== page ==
Documentation of Ethno Veterinary Practices in Selected Sites of Wolaita and Dawuro Zones, Ethiopia

Mesfin Mekonnen Moliso, Fitsum Tessema, Melese Yilma, Tewodros Getachew, Mebratu Asrat

Volume 16 Issue 5

Global Journal of Science Frontier Researc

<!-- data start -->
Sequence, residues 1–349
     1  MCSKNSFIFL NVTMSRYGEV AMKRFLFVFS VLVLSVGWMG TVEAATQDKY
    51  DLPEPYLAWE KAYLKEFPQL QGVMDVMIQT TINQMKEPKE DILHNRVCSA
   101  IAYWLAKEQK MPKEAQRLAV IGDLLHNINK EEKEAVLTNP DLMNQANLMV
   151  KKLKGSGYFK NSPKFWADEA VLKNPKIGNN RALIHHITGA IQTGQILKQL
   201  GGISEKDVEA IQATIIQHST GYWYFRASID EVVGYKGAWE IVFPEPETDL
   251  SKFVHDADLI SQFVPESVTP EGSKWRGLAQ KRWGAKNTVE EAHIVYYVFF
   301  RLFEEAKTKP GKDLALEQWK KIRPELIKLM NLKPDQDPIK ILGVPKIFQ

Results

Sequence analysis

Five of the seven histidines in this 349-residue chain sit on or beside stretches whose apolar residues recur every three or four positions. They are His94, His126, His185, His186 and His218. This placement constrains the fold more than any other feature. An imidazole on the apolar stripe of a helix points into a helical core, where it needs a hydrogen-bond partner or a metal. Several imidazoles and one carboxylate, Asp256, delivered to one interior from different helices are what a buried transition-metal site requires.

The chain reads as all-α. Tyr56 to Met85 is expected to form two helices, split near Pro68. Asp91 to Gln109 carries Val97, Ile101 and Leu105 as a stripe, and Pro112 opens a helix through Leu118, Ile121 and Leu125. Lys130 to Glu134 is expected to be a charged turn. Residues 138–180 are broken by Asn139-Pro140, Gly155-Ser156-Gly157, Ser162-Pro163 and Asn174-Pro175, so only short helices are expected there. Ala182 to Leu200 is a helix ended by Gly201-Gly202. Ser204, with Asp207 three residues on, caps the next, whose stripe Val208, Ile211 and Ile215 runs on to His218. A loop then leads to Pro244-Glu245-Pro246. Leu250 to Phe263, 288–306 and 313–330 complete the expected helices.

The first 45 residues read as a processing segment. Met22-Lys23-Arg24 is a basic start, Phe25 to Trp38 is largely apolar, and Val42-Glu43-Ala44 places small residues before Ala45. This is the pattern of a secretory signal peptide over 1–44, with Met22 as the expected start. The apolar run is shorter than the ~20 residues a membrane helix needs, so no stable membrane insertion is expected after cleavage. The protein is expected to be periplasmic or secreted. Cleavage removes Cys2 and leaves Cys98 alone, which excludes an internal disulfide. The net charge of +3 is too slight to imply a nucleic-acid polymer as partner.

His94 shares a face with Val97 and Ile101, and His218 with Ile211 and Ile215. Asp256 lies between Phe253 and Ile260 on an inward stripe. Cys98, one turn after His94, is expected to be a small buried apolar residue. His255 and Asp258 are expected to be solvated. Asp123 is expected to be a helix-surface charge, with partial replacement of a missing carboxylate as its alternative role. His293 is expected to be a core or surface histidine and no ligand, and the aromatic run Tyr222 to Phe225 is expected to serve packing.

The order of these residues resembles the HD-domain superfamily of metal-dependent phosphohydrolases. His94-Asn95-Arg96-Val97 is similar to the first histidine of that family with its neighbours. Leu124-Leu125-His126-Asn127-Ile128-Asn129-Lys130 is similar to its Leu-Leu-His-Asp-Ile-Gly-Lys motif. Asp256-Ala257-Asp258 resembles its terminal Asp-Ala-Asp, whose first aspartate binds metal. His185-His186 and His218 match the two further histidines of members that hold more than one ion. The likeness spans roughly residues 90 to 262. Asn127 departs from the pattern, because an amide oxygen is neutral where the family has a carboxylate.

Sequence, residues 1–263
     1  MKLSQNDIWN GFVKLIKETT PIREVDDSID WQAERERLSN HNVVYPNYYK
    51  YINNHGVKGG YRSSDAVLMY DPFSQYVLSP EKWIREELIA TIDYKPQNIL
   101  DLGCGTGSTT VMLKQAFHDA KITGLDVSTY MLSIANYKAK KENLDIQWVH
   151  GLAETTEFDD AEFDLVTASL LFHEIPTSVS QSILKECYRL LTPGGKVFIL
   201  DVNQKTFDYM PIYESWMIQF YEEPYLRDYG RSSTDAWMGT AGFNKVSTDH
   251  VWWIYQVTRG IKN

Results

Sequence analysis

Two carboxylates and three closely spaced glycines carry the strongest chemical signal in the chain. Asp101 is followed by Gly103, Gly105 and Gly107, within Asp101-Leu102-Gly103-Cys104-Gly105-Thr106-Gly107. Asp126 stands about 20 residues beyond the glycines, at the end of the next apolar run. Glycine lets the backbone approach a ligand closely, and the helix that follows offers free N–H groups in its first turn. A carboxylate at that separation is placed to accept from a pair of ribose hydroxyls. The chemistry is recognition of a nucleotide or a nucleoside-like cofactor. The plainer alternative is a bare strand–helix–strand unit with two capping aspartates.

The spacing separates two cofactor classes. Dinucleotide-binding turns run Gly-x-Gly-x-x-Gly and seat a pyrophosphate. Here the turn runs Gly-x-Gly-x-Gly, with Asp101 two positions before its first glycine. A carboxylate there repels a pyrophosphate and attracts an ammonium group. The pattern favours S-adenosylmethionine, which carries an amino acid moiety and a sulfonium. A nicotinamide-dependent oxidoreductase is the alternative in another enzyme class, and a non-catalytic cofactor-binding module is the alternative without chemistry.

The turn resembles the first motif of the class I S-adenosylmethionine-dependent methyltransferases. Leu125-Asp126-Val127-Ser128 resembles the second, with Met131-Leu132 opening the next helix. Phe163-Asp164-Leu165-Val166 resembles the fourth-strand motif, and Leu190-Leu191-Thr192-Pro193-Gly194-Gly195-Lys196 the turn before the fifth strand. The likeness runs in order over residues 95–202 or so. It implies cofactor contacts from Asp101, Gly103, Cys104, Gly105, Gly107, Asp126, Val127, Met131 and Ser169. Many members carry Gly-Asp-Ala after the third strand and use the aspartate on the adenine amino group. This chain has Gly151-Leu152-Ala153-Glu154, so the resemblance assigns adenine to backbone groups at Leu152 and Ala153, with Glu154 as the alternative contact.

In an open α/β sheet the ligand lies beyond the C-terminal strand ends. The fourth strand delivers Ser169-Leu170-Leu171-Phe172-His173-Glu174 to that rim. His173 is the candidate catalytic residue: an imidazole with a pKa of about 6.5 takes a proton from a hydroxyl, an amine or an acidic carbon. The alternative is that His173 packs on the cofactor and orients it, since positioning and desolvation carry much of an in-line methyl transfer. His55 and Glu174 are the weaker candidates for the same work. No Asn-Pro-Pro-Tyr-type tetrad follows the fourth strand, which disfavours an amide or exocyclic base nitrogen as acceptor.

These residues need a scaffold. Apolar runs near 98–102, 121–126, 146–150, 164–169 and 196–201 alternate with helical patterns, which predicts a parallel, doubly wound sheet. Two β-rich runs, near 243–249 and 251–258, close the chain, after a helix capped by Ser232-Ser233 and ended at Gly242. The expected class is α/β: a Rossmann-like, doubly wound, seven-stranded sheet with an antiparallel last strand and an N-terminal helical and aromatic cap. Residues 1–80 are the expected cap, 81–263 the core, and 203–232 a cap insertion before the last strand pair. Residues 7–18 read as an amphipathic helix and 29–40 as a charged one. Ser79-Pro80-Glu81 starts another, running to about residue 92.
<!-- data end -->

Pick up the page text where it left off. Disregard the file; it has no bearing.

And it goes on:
To keep animals healthy, traditional healing practices have been applied for centuries and have been passed down orally from generation to generation. Rural tribal people generally depend on plants for curing their livestock due to the problem of animal health delivery system. In Ethiopia, the use of ethno veterinary practices to treat and control livestock diseases is an old and important practice. The field survey was carried out in Wolaita and Dawuro Zones of SNNPR, Ethiopia to document ethno veterinary practices in the area. A total of 89 individual healers were purposively selected and interviewed based on their knowledge of using traditional medicine to cure their animals. Descriptive statistics was used to analyze and summarize the ethno-botanical data. Forty plants, which have medicinal value against a total of 27 livestock diseases, were reported and botanically identified as belonging to various 25 plant families. Leaves (57.14%) were the major plant parts used in the study areas. The informants mostly practice oral drenching of plant preparations (77.36%). The age level of healers indicated that the majority were (60.7%) are above the age of 40. This study revealed that ethno-veterinary treatment is playing a significant contribution in treating animal diseases and parasites. Scientific investigations should be carried out to ascertain the effectiveness of identified plant species.